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How else could your child play with “environmental print? Please share in the comments!

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Sight Word Tower

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It doesn’t seem possible, but summer is over and school starts tomorrow! That meant it was time to culminate Travis’s summer sight word practice with one final fun activity.

I wrote each word from our index cards onto the top of a paper cup.

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I challenged Travis to build the cups into towers – any way he chose! – but as he worked, he had to say the word on that cup.

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Not only was this a neat building challenge, but I was able to pinpoint which words still gave him pause.

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The activity is so simple but so beneficial, we’ll keep these cups on hand for the school year!

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Plus it became a race to see if he could blurt the correct word before the resident menace (baby sister) came over to knock down his towers.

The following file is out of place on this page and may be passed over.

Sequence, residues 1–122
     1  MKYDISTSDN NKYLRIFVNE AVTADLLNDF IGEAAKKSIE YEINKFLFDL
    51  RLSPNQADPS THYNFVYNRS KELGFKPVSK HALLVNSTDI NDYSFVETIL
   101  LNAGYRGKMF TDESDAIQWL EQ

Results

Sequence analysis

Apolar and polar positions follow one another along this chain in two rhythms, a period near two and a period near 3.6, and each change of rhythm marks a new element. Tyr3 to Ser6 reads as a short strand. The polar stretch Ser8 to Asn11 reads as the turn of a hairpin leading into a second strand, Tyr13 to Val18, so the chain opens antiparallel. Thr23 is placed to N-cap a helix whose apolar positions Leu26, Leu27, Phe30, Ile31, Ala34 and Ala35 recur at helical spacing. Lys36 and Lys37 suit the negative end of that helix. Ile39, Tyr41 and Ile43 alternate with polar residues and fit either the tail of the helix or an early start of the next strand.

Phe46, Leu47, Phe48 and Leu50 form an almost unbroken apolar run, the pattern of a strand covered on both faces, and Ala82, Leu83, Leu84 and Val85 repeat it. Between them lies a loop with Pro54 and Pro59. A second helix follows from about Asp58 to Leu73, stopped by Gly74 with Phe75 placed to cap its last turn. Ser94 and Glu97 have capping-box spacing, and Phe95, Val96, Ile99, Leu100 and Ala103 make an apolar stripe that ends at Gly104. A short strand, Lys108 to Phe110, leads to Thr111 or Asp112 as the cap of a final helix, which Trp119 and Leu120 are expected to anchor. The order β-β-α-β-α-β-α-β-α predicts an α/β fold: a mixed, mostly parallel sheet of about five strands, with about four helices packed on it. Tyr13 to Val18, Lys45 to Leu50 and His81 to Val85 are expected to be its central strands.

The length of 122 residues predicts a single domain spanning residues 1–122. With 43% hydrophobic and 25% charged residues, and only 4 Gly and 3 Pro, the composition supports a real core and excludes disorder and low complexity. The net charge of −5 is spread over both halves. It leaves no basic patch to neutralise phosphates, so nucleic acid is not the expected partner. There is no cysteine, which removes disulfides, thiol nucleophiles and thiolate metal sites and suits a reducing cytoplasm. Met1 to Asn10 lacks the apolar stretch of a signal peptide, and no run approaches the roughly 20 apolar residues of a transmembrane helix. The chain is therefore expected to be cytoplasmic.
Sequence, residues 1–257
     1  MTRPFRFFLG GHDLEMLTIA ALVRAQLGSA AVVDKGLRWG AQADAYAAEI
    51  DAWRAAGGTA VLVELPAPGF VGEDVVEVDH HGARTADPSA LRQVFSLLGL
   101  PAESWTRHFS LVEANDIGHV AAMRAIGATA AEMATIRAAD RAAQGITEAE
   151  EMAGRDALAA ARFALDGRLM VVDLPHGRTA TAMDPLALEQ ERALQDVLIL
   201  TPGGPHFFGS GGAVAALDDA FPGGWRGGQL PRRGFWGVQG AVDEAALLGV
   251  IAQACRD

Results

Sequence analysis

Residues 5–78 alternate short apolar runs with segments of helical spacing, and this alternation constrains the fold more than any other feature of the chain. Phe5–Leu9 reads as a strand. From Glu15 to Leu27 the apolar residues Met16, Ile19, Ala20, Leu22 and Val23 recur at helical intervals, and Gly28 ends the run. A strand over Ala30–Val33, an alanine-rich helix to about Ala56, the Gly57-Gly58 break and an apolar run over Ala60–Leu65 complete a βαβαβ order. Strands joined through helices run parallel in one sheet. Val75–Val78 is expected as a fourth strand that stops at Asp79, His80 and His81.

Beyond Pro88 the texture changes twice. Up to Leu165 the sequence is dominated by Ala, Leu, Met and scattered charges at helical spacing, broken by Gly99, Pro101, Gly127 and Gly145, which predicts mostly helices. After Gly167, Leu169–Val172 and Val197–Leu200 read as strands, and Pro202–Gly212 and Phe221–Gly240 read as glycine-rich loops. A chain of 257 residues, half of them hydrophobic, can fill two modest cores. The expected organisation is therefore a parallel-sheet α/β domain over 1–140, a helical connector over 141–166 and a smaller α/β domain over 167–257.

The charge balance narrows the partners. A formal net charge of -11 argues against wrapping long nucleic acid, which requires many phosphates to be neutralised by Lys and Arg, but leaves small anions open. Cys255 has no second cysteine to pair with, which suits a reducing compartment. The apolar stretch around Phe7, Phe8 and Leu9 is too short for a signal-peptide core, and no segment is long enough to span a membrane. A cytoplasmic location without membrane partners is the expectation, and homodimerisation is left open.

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Questing Stone

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This painted rock craft is sort of a DIY riff on a “Choose Your Own Adventure Book”! Travis and I followed Highlights magazine’s suggestion for the two sides of our first stone, and also created our own alternate versions.

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All you need for the craft are rocks and puffy paints.

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For the suggested version, one side was a unicorn head. The opposite side was a dragon’s tail. Mommy’s art skills are noticeably lacking, but I like to think that adds to the DIY charm.

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Give the puffy paint ample time to dry. Then, instead of a traditional story time, we made up a tale together. Because Travis seemed antsy just sitting still, we turned it into game with action figures. Here comes Iron Man to the castle…

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Whenever we came to a crossroads in the story, Travis flipped the stone. We decided the unicorn would represent a good outcome and the dragon’s tail was bad outcome. Yay, Iron Man got into the castle!

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Oh no, the next flip was the dragon, so he was swarmed by enemies at the next turning point of the story.

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Travis didn’t like this turn of events, so decided the blob of paint he’d made on another rock represented¬† “water power.” If we flipped to the water symbol, Iron Man would win.

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And so on! Big kids can get truly sophisticated with their storytelling, perhaps even writing down the all the possible junctures. My 5-year-old just loved the novelty of flipping the stone and acting out a tale as we saw how it all played out.